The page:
The CBC Pollcast, hosted by CBC poll analyst Éric Grenier, explores the world of electoral politics, political polls and the trends they reveal.
From hero to zero — that might be the story of Dwight Ball, the premier of Newfoundland and Labrador. How did one of the country's most popular provincial leaders become its most despised?
Last November, Ball's Liberals were swept into office in a landslide, winning 57 per cent of the vote and 31 of the 40 seats on offer. The Progressive Conservatives, in power since 2003, were booted back into the opposition benches.
Polling at the beginning of the year showed that Ball had maintained that level of popularity, with two-thirds of voters saying they would cast a ballot for his Liberal Party and 60 per cent saying they approved of his performance as premier.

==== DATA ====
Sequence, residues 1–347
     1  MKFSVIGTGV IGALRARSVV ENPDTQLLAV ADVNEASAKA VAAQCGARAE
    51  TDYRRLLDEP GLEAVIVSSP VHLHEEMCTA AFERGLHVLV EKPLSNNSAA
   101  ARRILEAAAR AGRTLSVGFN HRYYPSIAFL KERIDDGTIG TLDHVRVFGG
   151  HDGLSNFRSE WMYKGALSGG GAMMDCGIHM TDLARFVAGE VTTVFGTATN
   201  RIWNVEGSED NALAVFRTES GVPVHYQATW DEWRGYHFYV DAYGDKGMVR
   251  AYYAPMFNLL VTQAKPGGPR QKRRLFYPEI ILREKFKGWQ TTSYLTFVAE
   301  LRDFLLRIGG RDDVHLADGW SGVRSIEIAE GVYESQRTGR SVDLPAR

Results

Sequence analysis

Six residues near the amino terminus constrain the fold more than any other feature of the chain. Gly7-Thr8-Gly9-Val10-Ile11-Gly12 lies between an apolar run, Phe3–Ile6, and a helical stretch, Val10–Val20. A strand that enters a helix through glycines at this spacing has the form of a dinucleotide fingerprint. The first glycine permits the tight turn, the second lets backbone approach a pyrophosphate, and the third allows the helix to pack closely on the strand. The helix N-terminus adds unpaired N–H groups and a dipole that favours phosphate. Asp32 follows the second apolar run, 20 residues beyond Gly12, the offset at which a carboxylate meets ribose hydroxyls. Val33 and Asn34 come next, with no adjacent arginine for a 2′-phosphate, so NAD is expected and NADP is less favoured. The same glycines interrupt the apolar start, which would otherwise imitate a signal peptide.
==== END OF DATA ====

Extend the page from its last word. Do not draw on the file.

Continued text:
That ranked him only behind Saskatchewan's Brad Wall as Canada's most popular premier.
But then the Liberals introduced a harsh budget in the spring, and their polling numbers plummeted. In May, the Angus Reid Institute found that just 17 per cent of Newfoundlanders and Labradorians approved of Dwight Ball.
Last week, a survey from MQO Research pegged Liberal support at just 30 per cent. That put them in third place, behind the PCs and the New Democrats. The poll also showed 71 per cent of respondents thinking the general outlook of the province is getting worse.
Rarely has a plunge in the polls been so deep and so quick.
To tell the story of how this happened, host Éric Grenier is joined by the CBC's David Cochrane on this week's episode of the Pollcast.
Listen to the full discussion above — or subscribe to the CBC Pollcast and listen to past episodes.